How do we measure cultural services?

The Millenium Ecosystem Assessment (2005) defined cultural services as those services "...that provide recreational, aesthetic, and spiritual benefits." Although many provisioning and cultural services may provide some incidental cultural benefits, FEST methodologies currently include only one service that is primarily cultural: the aesthetic benefits associated with fall foliage and its viewing.

Anecdotal information suggests that sugar maple (Acer saccharum Marshall) is more highly valued for its fall foliage than many other tree species, but research to substantiate this social preference is lacking. In the absence of any formal quantification of species foliage preferences, we calculate a fall foliage metric based on a range of theoretical weights (0-1) for sugar maple as well as for all other hardwoods (including deciduous larch, Larix spp.) combined. The metric is calculated as the proportion of stand basal area represented by sugar maple multiplied by a preference weight, plus the proportion of basal area represented by other hardwoods multiplied by a second preference weight. Non-deciduous conifers are assumed to provide no benefits for fall foliage viewing. Possible values of the metric range from 0 in the situation where no foliage is valued (both preference weights = 0) to 1, where the entire stand consists of sugar maple and/or hardwoods and all corresponding preference weights = 1. As a default, we adopt a preference weight of 1 for sugar maple and a preference weight of 0.5 for other hardwoods; i.e., we assume that sugar maple foliage was twice as preferable as that of other deciduous trees (the red-shaded cell in Figure 1).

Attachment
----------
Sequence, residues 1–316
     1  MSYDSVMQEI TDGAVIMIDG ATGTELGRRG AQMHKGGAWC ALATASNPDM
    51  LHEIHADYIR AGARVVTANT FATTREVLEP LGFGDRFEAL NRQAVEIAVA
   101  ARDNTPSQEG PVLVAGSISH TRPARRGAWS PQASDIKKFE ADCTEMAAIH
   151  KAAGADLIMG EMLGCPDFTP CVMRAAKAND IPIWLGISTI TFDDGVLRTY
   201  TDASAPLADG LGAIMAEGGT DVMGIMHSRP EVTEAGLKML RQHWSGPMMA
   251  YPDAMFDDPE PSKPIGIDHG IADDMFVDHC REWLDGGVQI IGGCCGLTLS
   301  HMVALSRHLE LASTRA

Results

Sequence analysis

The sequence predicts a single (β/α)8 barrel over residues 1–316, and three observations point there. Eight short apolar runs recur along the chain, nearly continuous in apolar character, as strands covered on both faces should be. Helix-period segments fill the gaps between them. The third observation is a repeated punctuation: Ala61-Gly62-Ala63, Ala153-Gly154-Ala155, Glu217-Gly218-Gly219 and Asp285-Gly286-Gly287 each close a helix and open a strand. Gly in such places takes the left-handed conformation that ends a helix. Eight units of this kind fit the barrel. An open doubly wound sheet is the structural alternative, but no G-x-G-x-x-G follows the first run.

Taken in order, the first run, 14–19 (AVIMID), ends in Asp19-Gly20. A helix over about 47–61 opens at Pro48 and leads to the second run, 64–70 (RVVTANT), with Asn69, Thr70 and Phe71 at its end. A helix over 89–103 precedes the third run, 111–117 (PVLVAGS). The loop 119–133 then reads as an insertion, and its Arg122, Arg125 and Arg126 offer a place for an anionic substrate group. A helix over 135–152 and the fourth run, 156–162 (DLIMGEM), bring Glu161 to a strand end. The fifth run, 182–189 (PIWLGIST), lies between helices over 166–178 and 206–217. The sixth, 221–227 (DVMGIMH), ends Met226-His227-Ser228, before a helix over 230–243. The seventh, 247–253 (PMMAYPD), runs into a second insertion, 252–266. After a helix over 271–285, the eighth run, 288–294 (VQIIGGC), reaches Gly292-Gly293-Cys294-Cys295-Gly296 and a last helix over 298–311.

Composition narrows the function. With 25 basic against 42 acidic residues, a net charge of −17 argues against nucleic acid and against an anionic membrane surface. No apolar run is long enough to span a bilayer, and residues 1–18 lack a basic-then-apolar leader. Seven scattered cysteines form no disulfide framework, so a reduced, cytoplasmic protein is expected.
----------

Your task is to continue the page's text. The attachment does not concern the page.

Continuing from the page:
FEST case studies involving this service include the simulation of multiple services in managed northern hardwoods stands in the Adirondacks.

Recreational fishing is another important cultural service. Using logistic regression, we can derive models that estimate the likelihood of a pond containing trout or other game fish given the pond's pH and whether or not it had ever been stocked with trout - as well as other variables. In an example from 52 Adirondack Lakes (Figure 2), we can see that at lower values of pH (<6.3) trout are less likely to be present than other game fish in ponds or lakes that have not been stocked with trout. When ponds are stocked, on the other hand, they are not only more likely to contain trout than unstocked ponds, they are also more likely to contain trout than any other type of game fish. Curves like these can be used to estimate the expected value of recreational fishing under a range of scenarios - as in this case study.

Figure 1

Figure 2